In 2009 I joined Pinole Artisans in mural-friendly, artistically dynamic, peaceable Pinole Old Town. Invited to join by virtual poet laureate Claire J. Baker, I exhibited paintings in a spring group show. Preparing for a second group exhibit, gallery director Joan Landis suggested I display some poetry. Claire has exhibited framed poems on fine papers in Pinole and Berkeley. I decided on short poems, lettered and drawn by hand. The show went up July 9, 2009. The reception was on July 11.

The short version of this story is on my website: "This is the first time since the 1960s that an exhibition facility has been forward looking enough and interdisciplinary enough to show Tanya's work of this kind."

And there is a backstory. At San Francisco State in the 1960s, photographer Frances Rodgers and I designed a year long series of exhibits for the library titled "Language in a Visual Setting." Niel Snortum, Wilder Bentley, Sr., and other professors wrote letters of recommendation for our project. We created display space with sculpture, textiles, and plants, so that guests to the exhibit walked through meaningfully arranged space, not simply a sterile interior. On the walls were both paintings and lettered texts. I did the lettered texts adapted from Medieval models. I wanted readable, visually interesting compositions with prose and poetry from Chaucer's time to the trendy Beatles, including some of my own writing as well.

In connection with the exhibits, artists Barbara Hammett, Poe Potter, Sheila Sullivan and I put on outdoor performances of plays by John Lennon, bringing varieties of English into the present moment. In the Gallery Lounge we presented a workshop on free style lettering, based on Medieval manuscripts and modern alphabets designed to provide one symbol for one sound (for example, there would be different A forms for the A in "at" and the A in "ate").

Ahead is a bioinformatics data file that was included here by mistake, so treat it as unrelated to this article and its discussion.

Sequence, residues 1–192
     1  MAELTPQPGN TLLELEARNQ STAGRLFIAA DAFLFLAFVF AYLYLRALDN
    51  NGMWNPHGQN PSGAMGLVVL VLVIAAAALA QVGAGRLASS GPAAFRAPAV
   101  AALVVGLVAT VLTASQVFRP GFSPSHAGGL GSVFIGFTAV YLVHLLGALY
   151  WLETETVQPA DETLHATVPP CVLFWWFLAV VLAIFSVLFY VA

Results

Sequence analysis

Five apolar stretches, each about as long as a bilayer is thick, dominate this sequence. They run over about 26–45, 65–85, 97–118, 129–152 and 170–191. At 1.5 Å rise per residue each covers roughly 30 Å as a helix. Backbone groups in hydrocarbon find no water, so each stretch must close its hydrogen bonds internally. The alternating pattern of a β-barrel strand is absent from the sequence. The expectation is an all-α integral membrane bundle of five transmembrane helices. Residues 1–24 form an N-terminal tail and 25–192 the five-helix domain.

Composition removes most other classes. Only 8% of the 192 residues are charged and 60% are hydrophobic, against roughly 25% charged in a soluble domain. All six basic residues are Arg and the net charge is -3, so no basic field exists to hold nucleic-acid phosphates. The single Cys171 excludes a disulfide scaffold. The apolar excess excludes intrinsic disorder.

Frances and I took a binder about our series to a prominent museum where we had been given an introduction to the head curator. The curator told us the museum had no interest in the type of thing we were doing. A few months later, the same museum mounted its "first ever" exhibit of illuminated Islamic manuscripts combined in an interesting physical environment with textiles, photographs, and ceramics.

In the 1970s, Alfred Frankenstein reviewed a San Francisco solo exhibit in which I had paintings and text. Frankenstein was, at the time, the chief art and music critic in the City. He was also a noted art historian. His review praised my painting technique as "brilliant," but said the text accompanying the paintings had to go. Words with paintings were considered a "crutch." Mark Linenthal, head of the Creative Writing section of San Francisco State's English Department had told me the same thing. With a gorgeous page from an illuminated manuscript of The Canterbury Tales behind him, Linenthal told me that visual images with words were "a crutch."

The 1980s were encouraging on many grounds, but not where combining words and images is concerned. Soon after I moved my studio to The Point in San Francisco's Hunters Point Shipyard, I hired a recommended art consultant to help me with the business of art. He told me my "poetic" painting titles had to go. No more quotes from Wallace Stevens or e. e. cummings. Painting titles such as "Number Three" were what was wanted.

It would be twenty more years before my Chaucer-based painted poetry would hang on the walls of another gallery — in The Pinole Art Center exhibit, "The Magic of Color," July 9 through September 10, 2009.